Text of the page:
Rovner Appellate Advocacy Competition Winner Masters Both Sides of Gun Control Debate

In her first law school competition, Kaitlyn Kloss ’23 successfully argued her way past five opponents to win Chicago-Kent College of Law’s 30th annual Ilana Diamond Rovner Appellate Advocacy Competition. 

“It’s a huge honor to argue with such great advocates,” says Kloss of the competition, which is sponsored by the law school’s Moot Court Honor Society. “Everyone I argued with was absolutely amazing, and our coaches and teaching assistants prepared us very well. I’m honored to have made it this far.”

“Our thirtieth Rovner Competition ended in a fantastic round between Kaitlyn Kloss and Elizabeth Horwitz, two extremely talented advocates,” says Chicago-Kent Professor Cherish Keller, director of the Ilana Diamond Rovner Program in Appellate Advocacy. “All the hard work they—and their junior MCHS colleagues—put into preparing truly paid off. Hearty congratulations to Kaitlyn, and we’re all looking forward to competing in teams in the spring.”

The competition covered a current United States Supreme Court case, New York State Rifle & Pistol Association vs. Bruen, in which a pair of New York state residents, represented by the rifle association, sued the state to contest the state’s denial of their applications for unrestricted “concealed carry” permits.

To apply for an unrestricted concealed carry permit in the state of New York, applicants must demonstrate “proper cause,” which is not clearly defined in statute. Some precedents included ongoing exposure to danger or documented proof of threats to safety. 

Both the district and circuit courts had dismissed the complaint by citing a precedential New York case, Kachalsky v. County of Westchester, in which the court said New York had an interest in regulating handgun possession for public safety and crime prevention, and that the “proper cause” requirement was substantially related to achieving that interest. Thus, the requirement passed constitutional muster.

The competition’s competitors had to argue both sides of the case during the preliminary round, and a single side during the following four rounds. Their brief was also measured during each round.

In Kloss’s brief, which was crafted as part of her appellate advocacy course, she sided with the state, arguing that under the Kachalsky precedent, “proper cause” is a constitutional use of legislative power.

“History shows us that the legislature has always had the power to regulate gun use outside the home,” Kloss argued.

But when arguing for the plaintiff, Kloss said the Second Amendment protects the right to bear arms in self-defense; the “proper cause” clause was thus unconstitutional because it required a need that distinguished applicants from the public at large.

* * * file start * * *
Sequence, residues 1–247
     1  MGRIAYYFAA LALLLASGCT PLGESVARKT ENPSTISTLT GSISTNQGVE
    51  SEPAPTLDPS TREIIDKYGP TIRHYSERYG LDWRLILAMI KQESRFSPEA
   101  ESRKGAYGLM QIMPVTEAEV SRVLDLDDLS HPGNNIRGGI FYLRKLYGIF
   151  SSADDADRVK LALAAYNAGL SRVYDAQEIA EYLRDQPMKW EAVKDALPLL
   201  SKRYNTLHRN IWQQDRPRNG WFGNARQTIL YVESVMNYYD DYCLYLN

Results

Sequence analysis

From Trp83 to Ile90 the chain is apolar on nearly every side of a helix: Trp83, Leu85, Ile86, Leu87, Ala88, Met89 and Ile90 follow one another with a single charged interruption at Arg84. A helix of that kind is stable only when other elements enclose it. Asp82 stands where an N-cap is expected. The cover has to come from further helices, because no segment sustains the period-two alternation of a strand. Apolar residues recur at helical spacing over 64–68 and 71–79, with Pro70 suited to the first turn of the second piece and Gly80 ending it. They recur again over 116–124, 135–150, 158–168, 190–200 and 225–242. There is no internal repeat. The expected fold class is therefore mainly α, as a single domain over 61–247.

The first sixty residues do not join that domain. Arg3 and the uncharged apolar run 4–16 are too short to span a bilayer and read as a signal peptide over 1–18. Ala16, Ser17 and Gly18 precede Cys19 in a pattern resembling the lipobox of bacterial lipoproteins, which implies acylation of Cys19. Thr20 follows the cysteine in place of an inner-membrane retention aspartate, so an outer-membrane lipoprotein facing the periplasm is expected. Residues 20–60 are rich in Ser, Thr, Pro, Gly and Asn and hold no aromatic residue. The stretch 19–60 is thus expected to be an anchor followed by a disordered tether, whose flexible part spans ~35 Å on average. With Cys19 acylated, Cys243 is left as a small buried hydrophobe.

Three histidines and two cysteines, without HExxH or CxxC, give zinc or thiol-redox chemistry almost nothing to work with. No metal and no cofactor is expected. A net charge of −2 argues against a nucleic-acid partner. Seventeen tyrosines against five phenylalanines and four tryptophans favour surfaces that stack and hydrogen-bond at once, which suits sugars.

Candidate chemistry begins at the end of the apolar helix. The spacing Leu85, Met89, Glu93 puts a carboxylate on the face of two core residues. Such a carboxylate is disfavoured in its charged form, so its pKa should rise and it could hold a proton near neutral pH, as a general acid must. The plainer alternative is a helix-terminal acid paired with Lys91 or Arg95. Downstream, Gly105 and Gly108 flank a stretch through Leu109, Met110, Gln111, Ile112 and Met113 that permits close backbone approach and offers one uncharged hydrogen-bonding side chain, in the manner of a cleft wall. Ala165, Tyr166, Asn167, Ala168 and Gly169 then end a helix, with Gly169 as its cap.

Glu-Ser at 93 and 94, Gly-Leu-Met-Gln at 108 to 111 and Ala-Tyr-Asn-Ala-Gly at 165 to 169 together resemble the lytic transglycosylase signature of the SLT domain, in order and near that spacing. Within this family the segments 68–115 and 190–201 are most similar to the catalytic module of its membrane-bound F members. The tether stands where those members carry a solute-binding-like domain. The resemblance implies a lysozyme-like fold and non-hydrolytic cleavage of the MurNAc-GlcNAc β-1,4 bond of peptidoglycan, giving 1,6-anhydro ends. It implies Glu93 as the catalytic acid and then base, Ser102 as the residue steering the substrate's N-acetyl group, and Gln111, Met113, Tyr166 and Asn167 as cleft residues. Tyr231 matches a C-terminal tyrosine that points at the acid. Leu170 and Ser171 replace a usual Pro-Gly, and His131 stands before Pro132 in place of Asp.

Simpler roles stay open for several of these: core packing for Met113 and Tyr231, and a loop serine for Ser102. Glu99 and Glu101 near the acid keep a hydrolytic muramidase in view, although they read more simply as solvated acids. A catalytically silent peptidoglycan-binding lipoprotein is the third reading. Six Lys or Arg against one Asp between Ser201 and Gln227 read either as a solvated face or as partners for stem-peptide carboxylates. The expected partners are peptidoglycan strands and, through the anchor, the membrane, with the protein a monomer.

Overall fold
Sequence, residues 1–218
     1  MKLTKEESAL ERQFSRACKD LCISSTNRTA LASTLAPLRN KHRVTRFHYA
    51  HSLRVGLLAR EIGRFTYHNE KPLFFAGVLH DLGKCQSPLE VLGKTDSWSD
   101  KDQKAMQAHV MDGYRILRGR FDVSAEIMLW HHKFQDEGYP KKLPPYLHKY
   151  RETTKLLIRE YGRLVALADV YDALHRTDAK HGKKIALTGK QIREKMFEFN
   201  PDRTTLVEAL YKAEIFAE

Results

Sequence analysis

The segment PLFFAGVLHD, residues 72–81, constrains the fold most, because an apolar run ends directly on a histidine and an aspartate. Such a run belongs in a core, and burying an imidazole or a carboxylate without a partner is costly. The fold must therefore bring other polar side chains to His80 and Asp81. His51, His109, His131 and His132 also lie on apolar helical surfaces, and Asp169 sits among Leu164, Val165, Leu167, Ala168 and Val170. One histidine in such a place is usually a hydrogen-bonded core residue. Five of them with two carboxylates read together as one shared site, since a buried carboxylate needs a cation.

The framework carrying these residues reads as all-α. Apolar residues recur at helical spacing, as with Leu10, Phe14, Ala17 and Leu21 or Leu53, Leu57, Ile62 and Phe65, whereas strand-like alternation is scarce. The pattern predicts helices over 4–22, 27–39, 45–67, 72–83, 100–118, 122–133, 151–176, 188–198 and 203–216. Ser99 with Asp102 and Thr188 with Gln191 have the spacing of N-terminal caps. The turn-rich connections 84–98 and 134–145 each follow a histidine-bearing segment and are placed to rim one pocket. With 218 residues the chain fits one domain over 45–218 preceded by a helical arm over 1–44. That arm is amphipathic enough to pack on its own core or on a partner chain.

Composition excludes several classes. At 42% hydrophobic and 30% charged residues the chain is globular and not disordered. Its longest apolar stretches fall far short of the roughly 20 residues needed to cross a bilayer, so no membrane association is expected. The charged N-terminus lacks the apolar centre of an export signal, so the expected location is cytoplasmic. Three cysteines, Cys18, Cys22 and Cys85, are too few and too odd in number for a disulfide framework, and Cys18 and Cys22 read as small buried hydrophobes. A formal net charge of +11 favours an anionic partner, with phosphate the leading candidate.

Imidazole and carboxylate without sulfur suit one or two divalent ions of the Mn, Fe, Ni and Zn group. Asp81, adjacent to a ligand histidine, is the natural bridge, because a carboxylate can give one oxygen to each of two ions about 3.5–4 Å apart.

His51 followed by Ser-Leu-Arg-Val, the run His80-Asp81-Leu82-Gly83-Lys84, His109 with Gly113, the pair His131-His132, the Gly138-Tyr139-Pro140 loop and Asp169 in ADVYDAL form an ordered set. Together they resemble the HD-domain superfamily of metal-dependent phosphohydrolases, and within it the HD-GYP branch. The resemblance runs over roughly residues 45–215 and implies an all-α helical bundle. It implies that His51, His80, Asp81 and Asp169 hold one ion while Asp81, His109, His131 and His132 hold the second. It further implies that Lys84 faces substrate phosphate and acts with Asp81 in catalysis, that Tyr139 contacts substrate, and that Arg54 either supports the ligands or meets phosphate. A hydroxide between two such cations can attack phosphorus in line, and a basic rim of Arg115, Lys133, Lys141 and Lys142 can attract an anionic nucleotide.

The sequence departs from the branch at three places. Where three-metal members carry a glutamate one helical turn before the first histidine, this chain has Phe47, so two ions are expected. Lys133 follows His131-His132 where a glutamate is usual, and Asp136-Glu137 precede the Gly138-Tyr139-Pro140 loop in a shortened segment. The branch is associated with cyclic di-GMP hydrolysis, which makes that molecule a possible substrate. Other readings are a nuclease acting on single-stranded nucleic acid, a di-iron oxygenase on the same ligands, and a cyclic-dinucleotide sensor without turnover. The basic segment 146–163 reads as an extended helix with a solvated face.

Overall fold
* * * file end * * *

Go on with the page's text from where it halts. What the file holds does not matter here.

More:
“You can’t be a member of the general public and also be distinguishable from the general public,” Kloss argued. “The ‘proper cause’ requirement acted as a ban on individual self-defense.”

Kloss graduated from the University of Alabama with a bachelor’s degree in political science. She’s interned with the Rutherford County District Attorney’s office in Tennessee, and was a law clerk at Deratany & Kosner in Chicago. She will soon be a summer associate with Swanson, Martin & Bell LLP in Chicago.

The competition’s other awardees include Nicole Jansma ’23, who received the Ralph L. Brill Award for Best Brief. The award is named after the late professor Ralph Brill, who founded the law school’s legal research and writing program and its award-winning moot court program. Brill taught at Chicago-Kent from 1961 through late 2016.

Ryan Martin ’23 won the Fay Clayton Award for Outstanding Oral Advocate. Clayton, who graduated with honors from Chicago-Kent in 1978, won a major case in the U.S. Supreme Court, National Organization for Women v. Scheidler, and was a founding shareholder of the Chicago law firm of Robinson Curley until she retired in 2016.

Lizzie Horwitz ‘23 received the Edmund G. Burke Award for Outstanding Oratory. Horwitz faced Kloss in the competition’s final round.

The Rovner competition is named for Chicago-Kent graduate Ilana Diamond Rovner ’66, the first woman to serve on the U.S. Court of Appeals for the Seventh Circuit. Rovner also sat as a panelist during the competition’s final round, alongside Illinois Appellate Court Judge Mary L. Mikva and Judge Franklin U. Valderrama, of the U. S. District Court for the Northern District of Illinois.

Established in 1992, the Ilana Diamond Rovner Program in Appellate Advocacy provides training for students in Chicago-Kent’s Moot Court Honor Society. Students in the program complete intensive coursework in appellate litigation, compete in the Ilana Diamond Rovner Competition, and then go on represent the law school in appellate advocacy tournaments throughout the U. S.

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